Public Works Director Discusses Winter, Goals for Next Year

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Charlie Breitrose

A Watertown Department of Public Works snow plow.

A Watertown Department of Public Works snow plow.

Charlie Breitrose

A Watertown Department of Public Works snow plow.

The Department of Public Works had a busy Fiscal 2015 dealing with record snow fall, and officials are preparing for more snow, and the many other areas the DPW deals with. 

Public Works Superintendent Gerald Mee discussed some of the goals and areas the DPW will work on during his budget hearing on Saturday. The Fiscal 2016 DPW budget – not including waste disposal or snow/ice removal – is $5 million, up $151,000 from the prior fiscal year (which ends on June 30, 2015). The waste disposal budget is $2.96 million and $1.16 million has been allotted for snow and ice removal, said Town Manager Michael Driscoll.

Winter of 2015

The DPW dealt with a record 112 inches of  snow, compared to an average of 42 inches, Mee said. They had 35 events that required plowing and/or sanding and salting, including eight major plowing events, Mee said. On the longest one some crews worked 56 hours straight.

“One of the reasons why it was done so well was because of the equipment,” Mee said. “It all proved valuable in a winter like this.”

The town also was the first in the nation to purchase a particular sidewalk plow machine made in Canada. Mee has been invited to go to the factory Montreal to give suggestions for modifications to better meet Watertown’s needs.

DPW officials will have a debriefing about the winter to figure out what they did right and what they did wrong. Mee said he has a feeling winters will have lots of snow and go later that previous years.

Town Councilors worried whether the equipment will be kept in good working shape because the DPW has not been able to fill the opening for central motors mechanic. Councilor Susan Falkoff said she thinks the job description might need altering. Mee agreed and said the search will continue.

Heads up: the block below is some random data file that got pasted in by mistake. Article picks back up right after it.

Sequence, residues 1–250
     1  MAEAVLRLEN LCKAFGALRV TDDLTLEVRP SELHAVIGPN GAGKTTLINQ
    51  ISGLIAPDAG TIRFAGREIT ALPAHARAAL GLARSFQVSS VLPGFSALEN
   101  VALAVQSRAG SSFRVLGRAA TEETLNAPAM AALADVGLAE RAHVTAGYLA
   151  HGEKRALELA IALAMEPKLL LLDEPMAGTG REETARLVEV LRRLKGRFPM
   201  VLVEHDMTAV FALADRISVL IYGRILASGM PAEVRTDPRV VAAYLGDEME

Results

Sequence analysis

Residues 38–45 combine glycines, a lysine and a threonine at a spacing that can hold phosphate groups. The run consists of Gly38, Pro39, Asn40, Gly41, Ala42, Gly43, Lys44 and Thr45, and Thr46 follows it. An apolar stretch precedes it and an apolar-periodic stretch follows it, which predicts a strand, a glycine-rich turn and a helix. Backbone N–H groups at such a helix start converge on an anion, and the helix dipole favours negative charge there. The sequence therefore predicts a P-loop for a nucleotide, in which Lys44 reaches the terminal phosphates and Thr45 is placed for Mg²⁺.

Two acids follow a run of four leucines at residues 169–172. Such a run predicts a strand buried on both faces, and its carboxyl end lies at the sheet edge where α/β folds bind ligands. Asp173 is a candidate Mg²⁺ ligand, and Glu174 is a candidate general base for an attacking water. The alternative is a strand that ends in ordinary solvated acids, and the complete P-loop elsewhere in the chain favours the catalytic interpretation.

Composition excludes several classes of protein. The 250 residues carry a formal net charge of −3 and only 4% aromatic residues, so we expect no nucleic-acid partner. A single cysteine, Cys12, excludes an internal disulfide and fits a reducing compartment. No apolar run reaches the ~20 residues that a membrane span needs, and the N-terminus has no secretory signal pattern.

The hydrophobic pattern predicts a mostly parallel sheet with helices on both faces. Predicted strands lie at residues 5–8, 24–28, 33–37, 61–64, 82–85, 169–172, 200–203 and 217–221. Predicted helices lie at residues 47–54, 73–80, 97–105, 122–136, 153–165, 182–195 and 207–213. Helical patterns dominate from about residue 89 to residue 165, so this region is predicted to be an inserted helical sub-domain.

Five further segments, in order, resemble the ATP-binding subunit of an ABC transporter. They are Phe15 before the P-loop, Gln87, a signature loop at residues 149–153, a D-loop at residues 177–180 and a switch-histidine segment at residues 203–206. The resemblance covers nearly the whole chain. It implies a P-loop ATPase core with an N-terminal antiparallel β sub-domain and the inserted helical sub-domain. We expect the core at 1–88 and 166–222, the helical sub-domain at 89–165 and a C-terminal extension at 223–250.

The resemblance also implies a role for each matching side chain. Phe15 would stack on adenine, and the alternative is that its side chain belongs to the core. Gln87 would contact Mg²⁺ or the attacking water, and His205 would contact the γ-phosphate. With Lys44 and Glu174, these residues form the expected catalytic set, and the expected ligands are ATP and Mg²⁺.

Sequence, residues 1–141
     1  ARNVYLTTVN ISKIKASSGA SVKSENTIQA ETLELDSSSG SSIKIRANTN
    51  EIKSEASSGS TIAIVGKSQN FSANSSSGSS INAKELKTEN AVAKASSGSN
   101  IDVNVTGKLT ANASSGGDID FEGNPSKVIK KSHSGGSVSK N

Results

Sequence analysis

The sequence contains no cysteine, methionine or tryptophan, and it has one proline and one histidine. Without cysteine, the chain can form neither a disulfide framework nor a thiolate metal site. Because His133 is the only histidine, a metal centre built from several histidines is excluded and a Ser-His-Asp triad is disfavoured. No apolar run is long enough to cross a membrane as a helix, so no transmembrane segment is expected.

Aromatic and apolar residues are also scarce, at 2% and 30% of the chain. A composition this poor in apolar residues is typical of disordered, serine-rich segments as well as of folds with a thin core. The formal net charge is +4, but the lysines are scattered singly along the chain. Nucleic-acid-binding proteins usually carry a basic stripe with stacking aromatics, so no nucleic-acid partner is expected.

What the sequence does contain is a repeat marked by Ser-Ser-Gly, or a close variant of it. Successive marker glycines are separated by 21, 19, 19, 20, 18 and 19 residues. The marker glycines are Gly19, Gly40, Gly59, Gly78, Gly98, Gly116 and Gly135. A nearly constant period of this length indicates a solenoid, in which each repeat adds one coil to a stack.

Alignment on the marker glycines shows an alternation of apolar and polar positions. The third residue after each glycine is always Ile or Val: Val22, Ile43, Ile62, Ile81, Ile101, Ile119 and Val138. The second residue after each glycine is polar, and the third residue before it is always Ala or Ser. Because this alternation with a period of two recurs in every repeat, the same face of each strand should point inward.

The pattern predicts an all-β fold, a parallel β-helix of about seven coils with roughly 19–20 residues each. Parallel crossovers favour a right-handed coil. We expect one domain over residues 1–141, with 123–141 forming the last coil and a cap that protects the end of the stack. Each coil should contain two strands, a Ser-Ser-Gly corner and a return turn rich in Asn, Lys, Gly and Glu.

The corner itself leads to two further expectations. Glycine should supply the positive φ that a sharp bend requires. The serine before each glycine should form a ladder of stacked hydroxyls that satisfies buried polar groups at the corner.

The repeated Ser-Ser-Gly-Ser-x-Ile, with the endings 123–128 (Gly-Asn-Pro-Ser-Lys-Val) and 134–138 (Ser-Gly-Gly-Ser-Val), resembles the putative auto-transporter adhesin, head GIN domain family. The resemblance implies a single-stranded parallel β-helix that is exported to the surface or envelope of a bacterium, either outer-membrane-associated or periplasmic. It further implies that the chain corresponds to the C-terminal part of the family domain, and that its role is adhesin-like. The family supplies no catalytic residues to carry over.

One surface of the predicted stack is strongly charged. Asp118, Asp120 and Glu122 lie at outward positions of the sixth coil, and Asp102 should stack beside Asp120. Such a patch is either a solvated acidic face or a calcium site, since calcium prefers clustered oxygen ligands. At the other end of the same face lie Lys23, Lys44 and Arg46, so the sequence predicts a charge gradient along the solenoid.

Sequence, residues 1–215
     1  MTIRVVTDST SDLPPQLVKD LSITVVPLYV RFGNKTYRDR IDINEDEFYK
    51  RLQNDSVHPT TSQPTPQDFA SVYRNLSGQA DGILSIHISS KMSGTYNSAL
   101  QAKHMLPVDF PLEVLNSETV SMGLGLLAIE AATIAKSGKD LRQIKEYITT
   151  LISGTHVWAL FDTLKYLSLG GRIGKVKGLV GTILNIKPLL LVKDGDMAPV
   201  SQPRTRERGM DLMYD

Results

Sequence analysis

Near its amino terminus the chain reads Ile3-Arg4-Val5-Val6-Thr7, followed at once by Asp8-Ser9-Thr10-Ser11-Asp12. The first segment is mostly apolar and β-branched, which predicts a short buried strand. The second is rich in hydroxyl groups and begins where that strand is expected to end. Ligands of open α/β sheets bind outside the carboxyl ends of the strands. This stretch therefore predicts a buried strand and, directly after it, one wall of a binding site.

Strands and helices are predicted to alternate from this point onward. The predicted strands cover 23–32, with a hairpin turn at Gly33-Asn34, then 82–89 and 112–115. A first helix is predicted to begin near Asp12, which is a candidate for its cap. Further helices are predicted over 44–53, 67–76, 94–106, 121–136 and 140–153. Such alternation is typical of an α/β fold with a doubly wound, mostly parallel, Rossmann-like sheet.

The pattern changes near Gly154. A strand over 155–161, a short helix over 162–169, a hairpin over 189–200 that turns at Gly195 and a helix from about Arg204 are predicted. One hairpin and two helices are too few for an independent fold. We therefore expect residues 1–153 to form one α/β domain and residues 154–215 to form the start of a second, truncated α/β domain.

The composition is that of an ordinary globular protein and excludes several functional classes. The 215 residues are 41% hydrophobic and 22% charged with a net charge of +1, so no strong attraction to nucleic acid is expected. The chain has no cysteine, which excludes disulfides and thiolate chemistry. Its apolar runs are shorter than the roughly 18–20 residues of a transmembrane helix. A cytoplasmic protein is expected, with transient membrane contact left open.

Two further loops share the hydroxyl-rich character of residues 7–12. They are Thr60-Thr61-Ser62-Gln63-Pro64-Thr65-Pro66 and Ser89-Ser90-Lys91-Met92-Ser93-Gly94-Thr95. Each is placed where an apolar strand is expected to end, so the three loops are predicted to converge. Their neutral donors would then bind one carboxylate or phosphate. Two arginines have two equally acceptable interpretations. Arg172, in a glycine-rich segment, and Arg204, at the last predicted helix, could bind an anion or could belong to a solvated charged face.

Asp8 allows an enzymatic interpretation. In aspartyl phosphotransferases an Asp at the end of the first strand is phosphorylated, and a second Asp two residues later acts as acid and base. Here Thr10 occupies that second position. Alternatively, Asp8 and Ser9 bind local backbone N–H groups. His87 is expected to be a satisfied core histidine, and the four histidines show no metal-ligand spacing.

The position could be key to other departments, too. The Council has been interested in having the mechanic be certified to work on fire and police vehicles so the town does not have to send those vehicles out for servicing.

Streets and Sidewalks

The DPW is working closer with National Grid to coordinate gas main replacements. Each day, five to seven gas company crews are working in town, Mee said. Councilor Cecilia Lenk said that is a good step.

“It is great progress getting the gas company to do gas work,” Lenk said. “I know it is frustrating for residents not having their roads repaved, but if we don’t want to have roads dug up again days, minutes, sometimes seconds after they are repaved it is good to have this coordination.”

Councilor Angeline Kounelis said she is concerned about the planting strips in sidewalks, which she refers to as “mud pits.” Mee said some areas “X” blocks are used where grass can grow in the holes in the concrete blocks.

Kounelis said she has also seen a lot of recently paved sidewalks that are already chipping and falling apart. The town will make sure the contractor redoes the work, unless it is a fault in the manufacturer of the concrete, Mee said, in which case it is more difficult.

Other Goals

Another priority of the DPW is to have projects “on the shelf” ready to go when funding becomes available from the state or federal governments. Mee said that this does not mean that the public will not get to have input in the projects.

“My feeling is we cannot walk into a meeting with the public without a plan and say, ‘So, what do you want to do?'” Mee said.

Councilor Aaron Dushku said he wondered if the town would start collecting organic materials, along with trash and recycling. Mee said that was the next big area the town will be addressing.

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